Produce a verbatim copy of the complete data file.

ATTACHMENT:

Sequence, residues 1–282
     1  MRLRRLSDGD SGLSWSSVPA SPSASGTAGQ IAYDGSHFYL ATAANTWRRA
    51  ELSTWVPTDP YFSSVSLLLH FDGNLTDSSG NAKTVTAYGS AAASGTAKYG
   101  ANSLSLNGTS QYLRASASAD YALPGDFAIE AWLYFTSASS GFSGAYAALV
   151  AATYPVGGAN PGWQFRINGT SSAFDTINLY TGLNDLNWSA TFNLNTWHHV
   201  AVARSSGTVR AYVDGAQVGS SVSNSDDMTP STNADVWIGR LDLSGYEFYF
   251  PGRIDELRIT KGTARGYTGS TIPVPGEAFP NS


Sequence, residues 1–282
     1  MRLRRLSDGD SGLSWSSVPA SPSASGTAGQ IAYDGSHFYL ATAANTWRRA
    51  ELSTWVPTDP YFSSVSLLLH FDGNLTDSSG NAKTVTAYGS AAASGTAKYG
   101  ANSLSLNGTS QYLRASASAD YALPGDFAIE AWLYFTSASS GFSGAYAALV
   151  AATYPVGGAN PGWQFRINGT SSAFDTINLY TGLNDLNWSA TFNLNTWHHV
   201  AVARSSGTVR AYVDGAQVGS SVSNSDDMTP STNADVWIGR LDLSGYEFYF
   251  PGRIDELRIT KGTARGYTGS TIPVPGEAFP NS